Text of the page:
The American Federation of Teachers, which is running the Washington Teachers' Union because of allegations that its former leaders stole more than $5 million, is considering whether to continue employing a top local official who failed to alert authorities after discovering that her signature had been forged on a check.
During a meeting yesterday with Washington Post reporters and editors, AFT officials said that Esther S. Hankerson, the former general vice president of the local union, is working under the administrator installed by the AFT and is continuing to draw her previous salary.
Some teachers and union activists have questioned why Hankerson is still in office. They said she should have known that former union president Barbara A. Bullock and others were misspending union money, as alleged in an FBI affidavit. Hankerson, who became the union's interim president after Bullock resigned under pressure last fall, has denied knowledge of any wrongdoing.
An AFT forensic audit released last month said that in 1997, Hankerson received a call from the union's bank saying it appeared that Bullock had forged Hankerson's signature on an $8,000 union check payable to Bullock. According to the audit, Hankerson told the bank to allow the check to be cashed. Although she confronted Bullock, and Bullock acknowledged having forged Hankerson's signature, Hankerson did not report the incident to anyone, the audit said.
Yesterday, AFT President Sandra Feldman said she recognized that some union members were upset that Hankerson remained in office. "I think there's a real question here, and some decisions are going to have to be made," Feldman said.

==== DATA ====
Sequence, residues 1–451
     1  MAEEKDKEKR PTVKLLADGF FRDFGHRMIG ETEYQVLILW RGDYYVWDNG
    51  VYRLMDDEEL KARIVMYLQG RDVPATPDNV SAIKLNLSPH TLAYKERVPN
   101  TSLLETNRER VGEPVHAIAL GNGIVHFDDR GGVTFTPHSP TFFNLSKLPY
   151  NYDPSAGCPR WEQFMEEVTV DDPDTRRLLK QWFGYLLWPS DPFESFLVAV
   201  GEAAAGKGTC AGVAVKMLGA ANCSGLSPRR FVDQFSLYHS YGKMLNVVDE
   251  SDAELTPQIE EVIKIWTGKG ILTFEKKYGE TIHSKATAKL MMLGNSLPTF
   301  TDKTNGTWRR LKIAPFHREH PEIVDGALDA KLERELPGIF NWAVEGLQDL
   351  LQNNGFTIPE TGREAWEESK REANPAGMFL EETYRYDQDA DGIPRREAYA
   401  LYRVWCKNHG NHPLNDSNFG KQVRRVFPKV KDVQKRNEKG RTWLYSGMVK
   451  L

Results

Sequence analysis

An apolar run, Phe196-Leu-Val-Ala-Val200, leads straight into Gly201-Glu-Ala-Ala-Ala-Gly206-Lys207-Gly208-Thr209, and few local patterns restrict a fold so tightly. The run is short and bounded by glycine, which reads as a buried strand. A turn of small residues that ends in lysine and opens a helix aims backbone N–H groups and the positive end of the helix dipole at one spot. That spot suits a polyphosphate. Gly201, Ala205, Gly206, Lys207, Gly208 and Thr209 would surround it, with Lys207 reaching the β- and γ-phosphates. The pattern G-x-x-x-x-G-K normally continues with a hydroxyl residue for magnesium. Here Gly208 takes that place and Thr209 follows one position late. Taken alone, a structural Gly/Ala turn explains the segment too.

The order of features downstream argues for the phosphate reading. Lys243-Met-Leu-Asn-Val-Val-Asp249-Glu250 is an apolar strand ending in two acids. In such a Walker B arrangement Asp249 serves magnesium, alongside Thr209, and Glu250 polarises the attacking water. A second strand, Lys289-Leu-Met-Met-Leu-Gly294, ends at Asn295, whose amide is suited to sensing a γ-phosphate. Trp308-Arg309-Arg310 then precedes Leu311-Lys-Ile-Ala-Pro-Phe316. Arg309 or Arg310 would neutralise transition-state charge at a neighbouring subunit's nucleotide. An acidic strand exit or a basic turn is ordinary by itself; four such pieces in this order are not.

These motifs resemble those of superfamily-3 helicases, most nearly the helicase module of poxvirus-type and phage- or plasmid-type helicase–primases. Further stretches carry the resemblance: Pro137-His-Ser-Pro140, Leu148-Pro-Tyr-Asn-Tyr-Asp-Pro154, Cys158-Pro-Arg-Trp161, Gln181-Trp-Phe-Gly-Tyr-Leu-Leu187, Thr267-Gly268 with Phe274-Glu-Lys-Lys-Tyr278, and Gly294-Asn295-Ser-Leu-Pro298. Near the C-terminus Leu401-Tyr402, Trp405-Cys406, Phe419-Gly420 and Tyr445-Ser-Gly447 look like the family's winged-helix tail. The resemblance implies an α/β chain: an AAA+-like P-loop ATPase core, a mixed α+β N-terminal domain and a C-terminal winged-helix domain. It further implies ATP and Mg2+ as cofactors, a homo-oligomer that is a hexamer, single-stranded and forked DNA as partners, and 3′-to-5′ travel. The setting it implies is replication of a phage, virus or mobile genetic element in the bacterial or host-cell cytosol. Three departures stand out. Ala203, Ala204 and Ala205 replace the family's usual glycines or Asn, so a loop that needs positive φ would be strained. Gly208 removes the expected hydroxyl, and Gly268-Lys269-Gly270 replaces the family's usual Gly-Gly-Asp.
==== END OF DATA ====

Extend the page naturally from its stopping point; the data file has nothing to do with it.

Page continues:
However, George C. Springer, the administrator installed by the AFT three weeks ago to temporarily run the 5,000-member union, said Hankerson is serving a valuable role and helping his effort to rebuild the union's structure. He said she does not have access to union funds.
"She's been enormously helpful to me, because she has the greatest institutional memory," Springer said. "She has a lot of experience in the professional development area."
He said that he was unsure of Hankerson's salary but that he had not changed it since taking over the union. According to documents filed by the Washington Teachers' Union with the U.S. Department of Labor in 2001, Hankerson was being paid $87,138 a year.
Hankerson did not respond to a message left on her cell phone last night.
Some teachers said they support Hankerson, while others said that her continued presence at the local union is insulting to teachers.
"It's a slap in the face to the membership," said George Parker, a D.C. teacher who previously challenged Bullock for the presidency of the local union. "It appears they come in with a heavy-handed approach to the membership, suspending the constitution . . . . At the same time, they are approaching the leadership who has some responsibility for this with a soft hand, by maintaining Hankerson."
Janise Mead, a teacher at Backus Middle School, said she supports Hankerson's continued role at the union. "I have a lot of faith in Esther Hankerson," she said. "She has always been honest, and she's been a true teacher."
In papers filed in December in U.S. District Court, the FBI said that former top union officials -- including Bullock, her assistant Gwendolyn M. Hemphill and treasurer James O. Baxter II -- and others misspent more than $2 million in union funds. The AFT audit put the total at more than $5 million.
A criminal investigation is ongoing, and one person has been charged: Bullock's former driver, Leroy Holmes, who pleaded guilty to money laundering.
AFT officials also said yesterday they believe that the local union paid Hemphill's personal cell phone bills. Springer said a recent bill arrived for $6,000 that he believes was for personal phone calls made by Hemphill and her relatives. He was unsure how many phones were involved or how long the union had paid such bills.
A source close to Hemphill said that the union purchased the cell phones for its staff in Hemphill's name and that they were used for union business. Hemphill declined to comment.